FL KEYS Offshore & Reef Report Aug. 14, 2012
Capt. Jason Long
August 14, 2012
Marathon - Saltwater Fishing Report
Fishing is unpredictable. Some days the tuna just won't bite. Other days you can search the ocean for hours on end and still not find a pack of dolphin (mahi mahi). That's why we call it fishing, and that's why it's imperative to always have a backup plan. If you're heading offshore in search of dorados, take a few trolling feathers and butterfly jigs along as well. That way if the dolphin fishing is slow you can still make up for it by putting a few nice blackfins in the box. You can troll or jig at the Marathon or Islamorada Humps, and you'll be ready to put out the feathers if you come across a pack of tuna birds while searching for your dolphin. Always keep a few rods on board rigged with swivel clips that you quickly switch out for rigged ballyhoo or trolling lures, depending on the situation.
(Jean Hamil from Orlando with this nice 15-pound mutton snapper caught aboard the Best Bet. Jean had a great day fishing the reef and wrecks).
The same goes for fishing the reef, or on the flats or backcountry. Have a plan B, and switch things up if you're not getting the bites. Weather patterns, moon phases, wind directions, etc., all influence the fishing, and sometimes your target species may not be your best bet for that day. Take what the ocean gives you, and talk to your local fishing guides and tackle shops to find out what's biting best. The Florida Keys are home to many of the best fishing captains in the world, and they want you to catch loads of fish. Take their advice, and you'll have an awesome day on the water.
The dolphin fishing was both up and down at times last week. We found plenty of fish, but we had to put our time in and cover a lot of ground to do so. Most of the dolphin we found were from 14 to 20 miles out, scattered throughout areas of thick weed lines and on floaters. If you're heading out this week plan to run and gun until you find the fish. Don't spend your entire day working a weed line or certain area if you're not getting the bites within the first fifteen minutes or so. Move on to the next fishy looking area, get the baits out, and see what happens. There are fish out there; you just have to put some time in to find them.
On the humps, the tuna fishing was also really good at times this week, and at other times quite slow. If heading to the hump try trolling, jigging, and live baiting to find the fish. If you're having trouble getting the tuna to bite, another fun thing to do on the Humps is to drop a bait or chicken rig down to the bottom on an electric reel, or with a hand-crank if you want a good workout. All sorts of species hang out in the depths of the Humps, including snowy groupers, queen snappers, and giant amberjacks, just to name a few.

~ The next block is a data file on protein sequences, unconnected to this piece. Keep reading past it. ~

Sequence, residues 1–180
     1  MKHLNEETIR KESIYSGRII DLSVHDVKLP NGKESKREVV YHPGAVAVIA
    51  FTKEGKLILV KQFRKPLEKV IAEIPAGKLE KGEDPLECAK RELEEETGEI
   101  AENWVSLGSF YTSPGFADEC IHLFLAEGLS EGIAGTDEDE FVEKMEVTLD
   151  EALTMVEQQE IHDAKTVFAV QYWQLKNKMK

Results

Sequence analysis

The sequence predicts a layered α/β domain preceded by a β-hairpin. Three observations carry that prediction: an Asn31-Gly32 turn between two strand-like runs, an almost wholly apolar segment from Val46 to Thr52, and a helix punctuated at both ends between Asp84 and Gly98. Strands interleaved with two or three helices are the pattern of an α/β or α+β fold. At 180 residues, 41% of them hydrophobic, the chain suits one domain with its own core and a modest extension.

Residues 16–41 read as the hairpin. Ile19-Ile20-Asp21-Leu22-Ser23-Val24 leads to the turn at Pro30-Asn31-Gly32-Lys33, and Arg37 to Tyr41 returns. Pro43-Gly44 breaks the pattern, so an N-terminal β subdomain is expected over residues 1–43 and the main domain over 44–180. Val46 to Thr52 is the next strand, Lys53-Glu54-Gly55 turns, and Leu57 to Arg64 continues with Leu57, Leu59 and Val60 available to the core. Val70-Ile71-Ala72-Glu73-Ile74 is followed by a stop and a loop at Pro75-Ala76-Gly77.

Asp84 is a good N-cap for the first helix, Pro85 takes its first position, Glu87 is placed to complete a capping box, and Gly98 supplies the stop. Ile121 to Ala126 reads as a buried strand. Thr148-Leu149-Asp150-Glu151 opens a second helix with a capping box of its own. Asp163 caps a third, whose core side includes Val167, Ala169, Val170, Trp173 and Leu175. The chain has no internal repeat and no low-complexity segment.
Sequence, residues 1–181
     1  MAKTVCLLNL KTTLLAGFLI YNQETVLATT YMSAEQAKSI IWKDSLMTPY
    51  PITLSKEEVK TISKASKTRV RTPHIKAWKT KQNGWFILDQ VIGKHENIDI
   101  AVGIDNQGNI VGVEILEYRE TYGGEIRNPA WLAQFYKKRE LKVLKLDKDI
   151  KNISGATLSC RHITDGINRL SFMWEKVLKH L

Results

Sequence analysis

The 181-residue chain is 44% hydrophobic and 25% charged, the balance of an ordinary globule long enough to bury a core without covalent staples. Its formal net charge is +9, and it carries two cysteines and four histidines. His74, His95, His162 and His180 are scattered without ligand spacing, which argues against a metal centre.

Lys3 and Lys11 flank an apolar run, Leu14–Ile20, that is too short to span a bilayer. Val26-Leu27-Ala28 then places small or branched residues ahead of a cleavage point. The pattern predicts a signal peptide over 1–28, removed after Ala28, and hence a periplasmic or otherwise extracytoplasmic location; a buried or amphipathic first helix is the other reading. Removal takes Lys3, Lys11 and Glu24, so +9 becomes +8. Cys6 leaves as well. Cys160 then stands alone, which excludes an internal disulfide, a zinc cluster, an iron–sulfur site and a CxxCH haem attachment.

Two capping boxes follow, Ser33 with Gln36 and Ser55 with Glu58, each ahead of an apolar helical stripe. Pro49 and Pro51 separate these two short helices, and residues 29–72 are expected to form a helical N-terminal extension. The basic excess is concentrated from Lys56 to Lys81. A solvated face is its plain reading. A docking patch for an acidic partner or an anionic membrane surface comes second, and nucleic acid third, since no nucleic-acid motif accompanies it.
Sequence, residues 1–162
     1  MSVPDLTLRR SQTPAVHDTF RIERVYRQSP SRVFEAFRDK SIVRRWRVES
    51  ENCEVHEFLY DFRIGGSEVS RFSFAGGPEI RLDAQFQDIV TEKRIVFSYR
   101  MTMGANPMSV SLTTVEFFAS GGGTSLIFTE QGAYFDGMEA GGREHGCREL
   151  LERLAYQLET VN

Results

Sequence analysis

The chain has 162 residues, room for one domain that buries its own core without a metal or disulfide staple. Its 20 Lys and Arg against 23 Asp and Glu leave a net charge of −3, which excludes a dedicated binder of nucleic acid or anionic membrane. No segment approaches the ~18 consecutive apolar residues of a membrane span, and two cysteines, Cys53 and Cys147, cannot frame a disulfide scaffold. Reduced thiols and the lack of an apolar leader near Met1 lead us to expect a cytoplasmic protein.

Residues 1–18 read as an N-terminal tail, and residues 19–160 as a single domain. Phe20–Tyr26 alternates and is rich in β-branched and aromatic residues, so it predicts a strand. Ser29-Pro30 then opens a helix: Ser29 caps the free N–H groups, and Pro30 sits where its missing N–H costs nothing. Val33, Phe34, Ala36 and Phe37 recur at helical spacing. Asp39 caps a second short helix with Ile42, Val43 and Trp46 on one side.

Another offshore "backup" plan if the dolphin and tuna fishing is slow is daytime swordfishing. The swordfish bite has been solid all summer, and there's nothing quite like battling one of these great fish up from the bottom in 1,600 feet of water. The other great thing about swordfishing is you get to search for dolphin on your way out to the sword grounds, and on your way back in. It's not uncommon to come home from a swordfish trip with a fish bag stuffed with a nice sword, and a pack of slammer dolphin.
The reef fishing continues to be good, with mangrove snapper still being the star of the show on the patches during the day, and out a little deeper at night. For targeting mangroves try and take along small pinfish or medium-sized pilchards, or throw the cast net on the ballyhoo swimming up in your chum slick. If live bait is not an option, fresh cut ballyhoo will also do the trick. If you don't throw a cast net try catching them with a hair hook tipped with shrimp while you're anchored on the reef.
The Best Bet boats are located at Key Colony Beach Marina (Marathon, FL KEYS) at Mile Marker 54. To book a trip or to find out more about what's biting call Captain Jason Long at 305-395-1376.
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